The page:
what it's set up for now, okay, is the handoff from monetary policy to fiscal stimulus. okay? the fed lowered rates to zero because they had to. because they had a government that didn't work. >> look at the stocks that have worked. the reflation trade. >> because you have fiscal stimulus. you have -- that's going to work. >> both parties were talking about stimulus, number one. number two -- >> but they couldn't get anything done, josh. >> number two, number two, says we know they couldn't get anything done, and that's not because the democrats said, ah, forget it, let the fed do it. it's because you had an obstructionist party in both houses that refuse to allow anything to happen. >> you're saying the banks would be up 12% if hillary clinton -- >> i'm not going to tell -- i'm not going to tell you why -- >> i'm going to tell you the market was ready to rally. >> absolutely not. >> the market was ready to rally on anything that wasn't trump saying the election is -- >> also, the market did rally those last couple of days before the election. >> i was -- >> that's because comey said she's off the hook.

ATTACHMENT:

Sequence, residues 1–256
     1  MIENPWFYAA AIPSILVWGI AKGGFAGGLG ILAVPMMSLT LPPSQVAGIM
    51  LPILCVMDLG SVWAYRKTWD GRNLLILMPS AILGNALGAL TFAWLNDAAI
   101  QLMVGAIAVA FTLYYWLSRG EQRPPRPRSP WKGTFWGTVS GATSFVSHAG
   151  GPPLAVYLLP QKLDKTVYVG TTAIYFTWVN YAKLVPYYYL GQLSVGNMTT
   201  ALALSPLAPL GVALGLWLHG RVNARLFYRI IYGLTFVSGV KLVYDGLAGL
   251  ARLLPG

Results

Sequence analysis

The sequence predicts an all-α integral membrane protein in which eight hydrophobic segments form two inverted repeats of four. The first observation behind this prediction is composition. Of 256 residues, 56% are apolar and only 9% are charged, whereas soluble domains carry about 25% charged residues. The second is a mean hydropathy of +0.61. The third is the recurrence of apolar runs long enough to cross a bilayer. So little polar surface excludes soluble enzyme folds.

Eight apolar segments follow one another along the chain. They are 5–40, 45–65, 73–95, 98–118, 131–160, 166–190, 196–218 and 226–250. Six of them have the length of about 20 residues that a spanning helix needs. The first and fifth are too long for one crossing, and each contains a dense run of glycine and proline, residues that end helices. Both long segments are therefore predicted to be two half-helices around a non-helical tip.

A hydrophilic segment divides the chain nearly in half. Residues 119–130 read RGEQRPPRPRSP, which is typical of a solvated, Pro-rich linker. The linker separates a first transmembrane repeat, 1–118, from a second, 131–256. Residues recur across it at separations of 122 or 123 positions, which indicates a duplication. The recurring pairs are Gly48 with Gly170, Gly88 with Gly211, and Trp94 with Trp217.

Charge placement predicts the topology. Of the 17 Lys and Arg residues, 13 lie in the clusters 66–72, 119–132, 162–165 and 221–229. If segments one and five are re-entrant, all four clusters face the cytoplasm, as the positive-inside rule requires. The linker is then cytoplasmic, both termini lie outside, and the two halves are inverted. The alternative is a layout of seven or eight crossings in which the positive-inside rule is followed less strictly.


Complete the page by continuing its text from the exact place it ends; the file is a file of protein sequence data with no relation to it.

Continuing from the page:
>> they thought hillary was going to win. they didn't think it was going to happen like this. >> i said if the market rallied on the clinton victory, i was going to probably short it, okay? i didn't short it. i have no short ek posure except for the vix, which is a trade, frankly, not a hedge. fiscal stimulus is extremely powerful. >> we haven't even heard from you. let's fut it thput it this way, more inclined to sell this rally or take a break and sell more? >> what pete and i were doing and for clients as well as our own accounts, we were taking profits in u.s. steel. i know steph was big in that one. i know you were too. >> not me. >> u.s. steel and mt. these were crazy good trades. to josh's point, i think one of the things, josh, that's a little different than as you are describing, it is it would have been an obstructionist congress. they wouldn't get things done going forward if it was hillary clinton. now that it's trump, you will see regulations rolled back that they would not have done under ms. clinton, and you'll see some of the fiscal policies that steven is talking to enacted.